Best Story Post: Lt. Entera Danae, CE of the USS Minerva, for Post #217. Captain Krol has mentioned on numerous occasions of how much Danae has improved her posting and leadership on the Minerva. This post is just one example of Danae’s excellent writing. It features good action from multiple locations and advances the story very well. An excellent read.

Best Character Post: Lt. Evan Drake and Ens. J’Dem, of the USS Horatio Nelson, for Post #287. This is the first ever joint post to win a fleet award. It is also the first post to win in the “Best Character” category. Both authors were able to weave some deep character development into the post, which incidently has spun off a new story line. All in all, some great writing and creativity.

Funniest Post: Lt. Cmdr. Reggie “Big” Johnson, CE of the USS Washington, for Post #1626. What is there to say? Big Johnson has won yet another “Funniest Post” award, bringing his total to 6! In the post, Johnson uses an entertaining movie allusion and also introduces us to the Johnson home in Mississippi for the very first time. A very, very funny post.

Most Posts: Cmdr. Damien Hawkins, 2O of the USS Liberty, for 62 posts. 62 posts, a plethora of posts! Hawkins was able to top the old fleet record by an amazing 25 posts. Through his high volume of posts and good writing, Hawkins helped propel the Liberty to a sensation first month back in the fleet, leading all ships in posting for August.

Most Valuable Player: Cmdr. Damien Hawkins, 2O of the USS Liberty. Hawkins did it all – he broke the fleet record for most posts, got new people involved with joint posts, wrote mission summaries, and even helped with the Liberty’s website. He also is a very capable writer in his own right. Hawkins has since been given a command in the DRF. He will be missed on the Liberty.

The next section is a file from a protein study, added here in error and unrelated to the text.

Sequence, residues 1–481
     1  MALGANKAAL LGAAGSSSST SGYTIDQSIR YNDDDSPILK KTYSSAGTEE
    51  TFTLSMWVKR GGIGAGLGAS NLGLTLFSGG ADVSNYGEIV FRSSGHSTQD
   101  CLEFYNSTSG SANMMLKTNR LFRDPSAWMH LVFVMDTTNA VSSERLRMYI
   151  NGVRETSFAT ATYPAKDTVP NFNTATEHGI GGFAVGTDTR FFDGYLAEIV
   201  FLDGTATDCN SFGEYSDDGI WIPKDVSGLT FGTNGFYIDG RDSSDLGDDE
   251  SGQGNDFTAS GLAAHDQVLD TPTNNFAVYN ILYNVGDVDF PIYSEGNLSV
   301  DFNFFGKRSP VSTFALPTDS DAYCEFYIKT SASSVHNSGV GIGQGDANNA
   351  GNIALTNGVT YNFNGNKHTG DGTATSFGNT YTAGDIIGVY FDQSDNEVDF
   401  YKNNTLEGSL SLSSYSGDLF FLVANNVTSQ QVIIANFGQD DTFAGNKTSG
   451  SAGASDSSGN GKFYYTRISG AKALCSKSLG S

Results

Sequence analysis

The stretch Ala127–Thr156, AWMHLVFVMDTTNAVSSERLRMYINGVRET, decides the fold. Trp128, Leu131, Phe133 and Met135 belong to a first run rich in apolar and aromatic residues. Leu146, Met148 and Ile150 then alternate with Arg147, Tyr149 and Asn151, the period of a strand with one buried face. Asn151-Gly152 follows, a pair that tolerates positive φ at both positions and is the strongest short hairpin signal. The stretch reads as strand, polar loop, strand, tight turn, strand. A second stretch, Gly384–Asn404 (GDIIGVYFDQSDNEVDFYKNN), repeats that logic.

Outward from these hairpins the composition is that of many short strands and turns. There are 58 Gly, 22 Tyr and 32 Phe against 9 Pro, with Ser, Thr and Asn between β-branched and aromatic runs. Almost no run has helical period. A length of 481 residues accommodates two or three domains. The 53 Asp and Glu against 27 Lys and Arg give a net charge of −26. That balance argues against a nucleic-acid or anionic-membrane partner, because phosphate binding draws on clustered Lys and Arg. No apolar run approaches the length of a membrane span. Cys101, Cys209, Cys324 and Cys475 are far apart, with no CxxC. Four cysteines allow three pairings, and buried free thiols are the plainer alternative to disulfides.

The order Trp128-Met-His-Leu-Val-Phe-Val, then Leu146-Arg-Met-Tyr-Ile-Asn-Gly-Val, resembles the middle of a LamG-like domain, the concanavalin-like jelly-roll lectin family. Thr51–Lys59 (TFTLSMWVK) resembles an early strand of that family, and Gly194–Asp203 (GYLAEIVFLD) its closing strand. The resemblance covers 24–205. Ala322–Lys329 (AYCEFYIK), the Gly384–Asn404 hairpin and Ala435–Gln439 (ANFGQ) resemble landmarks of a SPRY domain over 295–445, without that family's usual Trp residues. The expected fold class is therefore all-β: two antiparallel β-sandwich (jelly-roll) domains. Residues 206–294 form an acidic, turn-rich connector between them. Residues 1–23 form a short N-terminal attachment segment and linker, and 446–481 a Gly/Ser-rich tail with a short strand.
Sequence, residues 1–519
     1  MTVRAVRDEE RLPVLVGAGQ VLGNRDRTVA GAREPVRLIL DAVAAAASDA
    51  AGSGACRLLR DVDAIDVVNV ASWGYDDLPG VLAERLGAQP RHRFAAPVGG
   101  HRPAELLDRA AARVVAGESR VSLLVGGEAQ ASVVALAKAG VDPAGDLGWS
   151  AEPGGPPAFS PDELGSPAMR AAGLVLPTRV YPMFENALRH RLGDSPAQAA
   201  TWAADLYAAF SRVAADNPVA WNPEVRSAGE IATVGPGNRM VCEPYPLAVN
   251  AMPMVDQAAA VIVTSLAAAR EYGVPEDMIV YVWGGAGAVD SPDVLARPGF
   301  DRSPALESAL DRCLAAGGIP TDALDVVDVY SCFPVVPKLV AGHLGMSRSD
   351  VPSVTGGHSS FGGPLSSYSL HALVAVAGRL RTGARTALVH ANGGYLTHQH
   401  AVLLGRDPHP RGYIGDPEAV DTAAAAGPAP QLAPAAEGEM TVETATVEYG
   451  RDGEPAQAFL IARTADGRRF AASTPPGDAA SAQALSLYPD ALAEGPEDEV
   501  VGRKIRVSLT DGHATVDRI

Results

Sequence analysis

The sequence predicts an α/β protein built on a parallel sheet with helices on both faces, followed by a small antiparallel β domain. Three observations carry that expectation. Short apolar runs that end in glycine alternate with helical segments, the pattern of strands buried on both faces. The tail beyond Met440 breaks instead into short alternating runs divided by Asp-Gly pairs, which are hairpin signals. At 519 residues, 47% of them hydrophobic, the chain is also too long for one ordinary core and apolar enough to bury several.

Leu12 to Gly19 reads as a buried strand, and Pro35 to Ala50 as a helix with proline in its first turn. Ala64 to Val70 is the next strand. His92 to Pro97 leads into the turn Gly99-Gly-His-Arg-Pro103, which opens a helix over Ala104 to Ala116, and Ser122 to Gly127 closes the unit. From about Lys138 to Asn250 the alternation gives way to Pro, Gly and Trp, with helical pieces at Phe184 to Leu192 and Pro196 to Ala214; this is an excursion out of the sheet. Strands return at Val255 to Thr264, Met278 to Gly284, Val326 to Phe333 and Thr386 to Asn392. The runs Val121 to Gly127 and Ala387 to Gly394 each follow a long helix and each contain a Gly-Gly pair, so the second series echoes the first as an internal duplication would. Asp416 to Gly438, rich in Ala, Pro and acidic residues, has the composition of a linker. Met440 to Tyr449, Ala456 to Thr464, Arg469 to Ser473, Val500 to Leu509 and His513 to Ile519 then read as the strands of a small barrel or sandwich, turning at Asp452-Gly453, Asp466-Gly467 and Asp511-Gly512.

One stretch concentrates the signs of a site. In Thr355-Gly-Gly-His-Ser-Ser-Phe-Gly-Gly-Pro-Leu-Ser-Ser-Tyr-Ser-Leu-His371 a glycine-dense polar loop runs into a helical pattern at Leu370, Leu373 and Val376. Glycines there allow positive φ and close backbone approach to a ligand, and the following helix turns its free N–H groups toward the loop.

Rookie of the Month: Lt. J.G. Mira Rodale, CCO of Starbase 10. Rodale was a rookie who truly turned in an MVP-type performance during August. In her first month of action, she was able to send 25 posts. Her writing ability was evident from post #1. She uses a good mix of characters and isn’t afraid to introduce a major plot twist. A model simmer.

Most Improved: Lt. Dusty Redroi, COO of the USS Excalibur. Redroi improved during August about as much in one month as has ever been seen before. His monthly posting total increased from 14 to 41 from July to August. Not only does he post a lot, but his whit and humor can be easily observed in his writing. Redroi has earned the respect of his shipmates.

Recruitment: Cmdr. Noelani Conyers, DE of the USS Liberty. This veteran simmer put her skills to use and was able to recruit a new person to the Liberty, Mr. Eastwood. Both Conyers and Eastwood have contributed much to the Liberty with their posting. Conyers shows all that recruiting new people is a very important and rewarding part of the simming experience.


Well, let me be the first to say that the Washington is a fortunate ship with an incredible crew for me to have to submit a writing tip like this!

With the flurry of posting going on lately, we have had several incidents when two players will accidentally cross-post: that is, they both send posts to Topica without having read the other's because it hasn't hit the message board yet. Sometimes we get lucky and the posts do not conflict, but at other times, one of them has to be voided or re-written in order to accommodate the storyline. It sounds like no big deal except the one of the two people has to either have their post voided entirely, or has to spend the time to re-work it.

In any case, it's clear that cross posting should be avoided whenever possible for a myriad of reasons, so here are some simple precautions you can take to avoid it.